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Whitewash: Detroit’s ethnic population and the city’s bid for the summer Olympics 1944–1972

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Title: Whitewash: Detroit’s ethnic population and the city’s bid for the summer Olympics 1944–1972
Author: Dettmar, Benjamin James
Issue Date: 2009-12-04
Publicly Available in cIRcle 2010-05-31
Series/Report no. Ideology in Motion: On the Relationship of Sports and Politics; UBC Winter Games Event Series; University of British Columbia
Abstract: Graduate student conference held December 4-5, 2009 at the University of British Columbia. Panel 1: Score and Peace? - Revisiting the Olympic Myth moderated by Ursula Baer. Abstract: "Detroit holds the dubious distinction of being the city with the most failed summer Olympic bids—seven. I will analyze these bids with specific attention on the bids for the 1964 and 1968 Olympics in which Detroit came second, and the 1972 Olympics in which Detroit came fourth. The 1960s were a crucial time in Detroit’s social history with the civil rights movement gaining momentum, Motown becoming popular, white flight taking effect, the economy stagnating, and the 1967 riots. I will analyze the bids to host the Summer Olympics in relation to Detroit’s social history. The presentation will assess how Detroit marketed itself for these Olympics. Did it do so as a multi-cultural, multi-ethnic city? Did the bid embrace the ethnic (Black, Arab, Mexican) community when trying to garner support for the games? Media sources such as Detroit’s promotional films will be examined, as well as the city’s newspapers, to ascertain how different journalists and audiences either embraced or denounced the idea of Detroit as an Olympic city. Finally, the question will be whether the city’s bids for the games can be deemed a ‘whitewash:’ did the city ignore its ethnic population, and did the organizing committee’s activities contribute to the civil unrest that occurred in Detroit?" This presentation can be found at 00:00:23 - 00:18:45 in the recording.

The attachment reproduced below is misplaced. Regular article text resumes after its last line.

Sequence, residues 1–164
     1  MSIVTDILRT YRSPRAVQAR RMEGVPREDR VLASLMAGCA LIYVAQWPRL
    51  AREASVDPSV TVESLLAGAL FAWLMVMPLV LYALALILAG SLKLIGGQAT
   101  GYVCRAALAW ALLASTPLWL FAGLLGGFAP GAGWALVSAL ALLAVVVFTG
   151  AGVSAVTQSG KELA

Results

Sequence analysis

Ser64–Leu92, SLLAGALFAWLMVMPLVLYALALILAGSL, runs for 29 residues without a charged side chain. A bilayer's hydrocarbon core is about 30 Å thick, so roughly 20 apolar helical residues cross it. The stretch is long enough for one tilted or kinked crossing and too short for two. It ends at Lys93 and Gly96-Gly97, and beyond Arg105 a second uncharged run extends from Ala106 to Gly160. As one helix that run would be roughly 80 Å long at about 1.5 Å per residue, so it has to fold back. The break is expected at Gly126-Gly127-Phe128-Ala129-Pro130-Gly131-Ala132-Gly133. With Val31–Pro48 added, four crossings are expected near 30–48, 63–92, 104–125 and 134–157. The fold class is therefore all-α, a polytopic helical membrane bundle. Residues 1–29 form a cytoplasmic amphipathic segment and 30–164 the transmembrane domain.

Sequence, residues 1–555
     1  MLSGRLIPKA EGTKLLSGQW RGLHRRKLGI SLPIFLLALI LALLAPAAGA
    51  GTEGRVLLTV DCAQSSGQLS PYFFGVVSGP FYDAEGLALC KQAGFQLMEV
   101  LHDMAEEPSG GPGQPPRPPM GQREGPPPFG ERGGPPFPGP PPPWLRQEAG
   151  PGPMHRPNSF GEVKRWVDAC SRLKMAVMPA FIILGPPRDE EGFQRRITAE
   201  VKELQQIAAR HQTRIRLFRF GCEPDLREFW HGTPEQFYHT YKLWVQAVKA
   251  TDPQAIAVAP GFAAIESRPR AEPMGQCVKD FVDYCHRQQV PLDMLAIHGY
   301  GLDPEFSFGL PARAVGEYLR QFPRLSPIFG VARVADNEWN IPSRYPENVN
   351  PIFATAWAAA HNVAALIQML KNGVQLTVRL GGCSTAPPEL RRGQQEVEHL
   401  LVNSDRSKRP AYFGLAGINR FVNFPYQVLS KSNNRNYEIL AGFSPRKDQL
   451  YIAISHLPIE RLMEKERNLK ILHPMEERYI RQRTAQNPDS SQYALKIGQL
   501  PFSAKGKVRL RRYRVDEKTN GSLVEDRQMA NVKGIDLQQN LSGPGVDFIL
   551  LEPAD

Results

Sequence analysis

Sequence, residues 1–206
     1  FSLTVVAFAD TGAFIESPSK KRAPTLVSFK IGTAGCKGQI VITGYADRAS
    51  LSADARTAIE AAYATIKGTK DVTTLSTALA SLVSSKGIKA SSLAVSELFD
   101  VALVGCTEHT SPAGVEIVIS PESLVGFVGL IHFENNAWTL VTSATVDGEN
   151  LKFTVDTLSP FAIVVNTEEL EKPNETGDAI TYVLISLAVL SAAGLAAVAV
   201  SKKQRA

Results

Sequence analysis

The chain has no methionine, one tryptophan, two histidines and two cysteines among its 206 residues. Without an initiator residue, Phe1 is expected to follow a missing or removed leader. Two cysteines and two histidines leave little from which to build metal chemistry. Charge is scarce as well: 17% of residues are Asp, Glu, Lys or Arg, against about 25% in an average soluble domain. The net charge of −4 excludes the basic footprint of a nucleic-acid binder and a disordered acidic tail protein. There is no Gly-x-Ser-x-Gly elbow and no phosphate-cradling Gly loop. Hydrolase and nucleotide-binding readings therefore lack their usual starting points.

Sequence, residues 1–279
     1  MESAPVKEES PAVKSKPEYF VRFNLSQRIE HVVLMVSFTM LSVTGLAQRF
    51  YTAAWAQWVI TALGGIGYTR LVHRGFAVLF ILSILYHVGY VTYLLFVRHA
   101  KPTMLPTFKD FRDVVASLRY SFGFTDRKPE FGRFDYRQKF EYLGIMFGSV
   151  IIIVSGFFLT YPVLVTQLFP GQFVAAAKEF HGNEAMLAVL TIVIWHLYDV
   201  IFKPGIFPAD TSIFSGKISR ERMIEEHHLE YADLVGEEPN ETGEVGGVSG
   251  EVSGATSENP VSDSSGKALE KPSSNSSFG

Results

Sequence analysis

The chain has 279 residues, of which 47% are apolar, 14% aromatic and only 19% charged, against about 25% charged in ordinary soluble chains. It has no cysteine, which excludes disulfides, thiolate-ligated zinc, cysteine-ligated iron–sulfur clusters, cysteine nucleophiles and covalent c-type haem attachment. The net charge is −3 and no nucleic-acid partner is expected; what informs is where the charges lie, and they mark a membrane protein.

Affiliation: Arts, Faculty ofCentral, Eastern and Northern European Studies, Department ofNon UBC
URI: http://hdl.handle.net/2429/25273
Peer Review Status: Unreviewed
Scholarly Level: Graduate

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